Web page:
Three Liberal MNAs calling it quits
Published Tuesday, February 25, 2014 7:54AM EST
Last Updated Tuesday, February 25, 2014 6:35PM EST
Three members of the Liberal party have decided their current term in office is their last.
Yolande James, Pierre Marsan, and Danielle St-Amand all announced this week that they will not be running for re-election when the National Assembly is dissolved.
Premier Pauline Marois is expected to ask the Lieutenant Governor to call an election in the weeks to come.
Marsan, 65, has represented the West Island riding of Robert-Baldwin since 1994.
“After 20 years, after consultations with my wife and my two sons, I think it was the time to step down and give the opportunity to someone else,” he said.
James has been a groundbreaking MNA. She was elected in the neighbouring West Island riding of Nelligan in 2004 at only 26 years old, serving at the time as the youngest MNA in the National Assembly. She was the first female black MNA and the first black Cabinet member, gaining the role of family minister when she was 28 years old.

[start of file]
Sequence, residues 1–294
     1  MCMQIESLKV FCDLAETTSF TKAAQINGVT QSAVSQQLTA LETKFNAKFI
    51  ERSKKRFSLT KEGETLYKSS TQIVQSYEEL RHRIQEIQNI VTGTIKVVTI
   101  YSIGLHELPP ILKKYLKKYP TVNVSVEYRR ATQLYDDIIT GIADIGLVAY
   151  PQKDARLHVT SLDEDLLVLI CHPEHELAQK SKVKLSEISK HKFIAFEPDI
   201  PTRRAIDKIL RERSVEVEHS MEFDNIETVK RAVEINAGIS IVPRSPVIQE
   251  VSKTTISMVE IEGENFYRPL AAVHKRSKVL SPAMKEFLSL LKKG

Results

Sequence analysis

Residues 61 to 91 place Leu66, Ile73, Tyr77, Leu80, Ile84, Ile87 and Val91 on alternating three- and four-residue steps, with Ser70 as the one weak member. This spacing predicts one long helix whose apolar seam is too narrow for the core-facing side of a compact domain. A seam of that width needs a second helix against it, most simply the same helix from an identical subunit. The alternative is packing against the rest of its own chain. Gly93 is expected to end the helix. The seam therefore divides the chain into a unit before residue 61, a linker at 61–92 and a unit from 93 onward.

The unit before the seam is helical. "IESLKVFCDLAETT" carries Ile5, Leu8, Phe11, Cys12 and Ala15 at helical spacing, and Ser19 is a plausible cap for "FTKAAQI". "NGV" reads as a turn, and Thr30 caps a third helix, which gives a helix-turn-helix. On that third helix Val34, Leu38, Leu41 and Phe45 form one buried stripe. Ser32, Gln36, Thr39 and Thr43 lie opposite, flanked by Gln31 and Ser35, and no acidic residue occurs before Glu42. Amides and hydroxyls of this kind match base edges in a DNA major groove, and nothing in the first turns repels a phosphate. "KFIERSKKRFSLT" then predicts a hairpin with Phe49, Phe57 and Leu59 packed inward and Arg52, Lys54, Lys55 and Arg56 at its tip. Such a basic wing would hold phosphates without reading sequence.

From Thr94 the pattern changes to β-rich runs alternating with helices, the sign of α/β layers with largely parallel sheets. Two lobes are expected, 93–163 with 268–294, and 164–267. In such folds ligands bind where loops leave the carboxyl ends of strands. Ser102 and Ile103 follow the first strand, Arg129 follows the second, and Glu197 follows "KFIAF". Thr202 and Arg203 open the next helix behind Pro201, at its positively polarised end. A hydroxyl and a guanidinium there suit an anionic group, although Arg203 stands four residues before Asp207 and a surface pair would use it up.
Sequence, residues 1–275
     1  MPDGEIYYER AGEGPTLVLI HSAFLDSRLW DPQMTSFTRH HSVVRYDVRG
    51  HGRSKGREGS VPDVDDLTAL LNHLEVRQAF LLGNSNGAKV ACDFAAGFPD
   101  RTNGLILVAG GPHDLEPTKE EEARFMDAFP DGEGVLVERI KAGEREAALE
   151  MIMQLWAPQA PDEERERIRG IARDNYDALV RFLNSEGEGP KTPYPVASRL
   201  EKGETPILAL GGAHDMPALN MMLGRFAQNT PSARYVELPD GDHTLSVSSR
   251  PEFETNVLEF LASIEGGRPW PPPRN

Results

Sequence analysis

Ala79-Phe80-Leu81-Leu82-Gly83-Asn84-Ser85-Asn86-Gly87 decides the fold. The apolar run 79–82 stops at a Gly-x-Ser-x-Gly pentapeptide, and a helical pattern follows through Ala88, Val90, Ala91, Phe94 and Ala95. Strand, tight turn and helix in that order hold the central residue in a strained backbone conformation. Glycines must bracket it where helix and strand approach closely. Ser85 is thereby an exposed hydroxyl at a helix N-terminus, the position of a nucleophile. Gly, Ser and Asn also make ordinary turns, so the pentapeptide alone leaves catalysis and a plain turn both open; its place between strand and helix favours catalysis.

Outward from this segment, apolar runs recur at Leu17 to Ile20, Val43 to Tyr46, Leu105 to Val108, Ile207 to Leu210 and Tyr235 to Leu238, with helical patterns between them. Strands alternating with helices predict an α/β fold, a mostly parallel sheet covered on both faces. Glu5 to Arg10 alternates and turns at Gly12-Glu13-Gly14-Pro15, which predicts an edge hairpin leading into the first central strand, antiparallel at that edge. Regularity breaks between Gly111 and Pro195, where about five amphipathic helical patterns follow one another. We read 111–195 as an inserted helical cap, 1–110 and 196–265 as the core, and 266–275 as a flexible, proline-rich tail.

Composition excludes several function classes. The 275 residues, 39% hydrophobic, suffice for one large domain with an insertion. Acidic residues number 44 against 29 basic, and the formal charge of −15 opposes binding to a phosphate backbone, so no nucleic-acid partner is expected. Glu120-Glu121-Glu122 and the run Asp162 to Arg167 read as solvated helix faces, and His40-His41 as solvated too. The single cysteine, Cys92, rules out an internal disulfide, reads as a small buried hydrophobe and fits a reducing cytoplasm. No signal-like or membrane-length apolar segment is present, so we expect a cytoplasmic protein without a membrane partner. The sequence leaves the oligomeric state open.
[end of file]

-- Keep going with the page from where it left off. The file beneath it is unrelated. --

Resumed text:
In her ten-year political career, she's endured four elections, and now says she's not prepared to go through another one, especially with a 10-month-old son.
James said she doesn’t want to miss moments with son Philippe.
“Especially since ‘la petite enfance’ -- when they're young like this -- it goes by really fast,” said James, now 36.
James said she typically spends at least three days per week in Quebec City.
“Fifty per cent of the time sleeping in another city and knowing that it would be someone else putting my son to sleep and waking up with him in the morning, it is not a sacrifice that I am willing to make at this time,” she said.
On the weekend at the federal Liberal convention people were saying, "Okay, well the baby will be a year and a half in 2015", so a lot of people would like to see her run federally with Justin Trudeau.
Forty-nine year-old St-Amand, who also said she won’t run again, was first elected in Trois-Rivieres in 2008.
The West Island ridings are considered Liberal strongholds, with Marsan winning his seat in the last election by more than 23,000 votes.
The Trois-Rivieres riding has frequently been contested by all major parties in Quebec.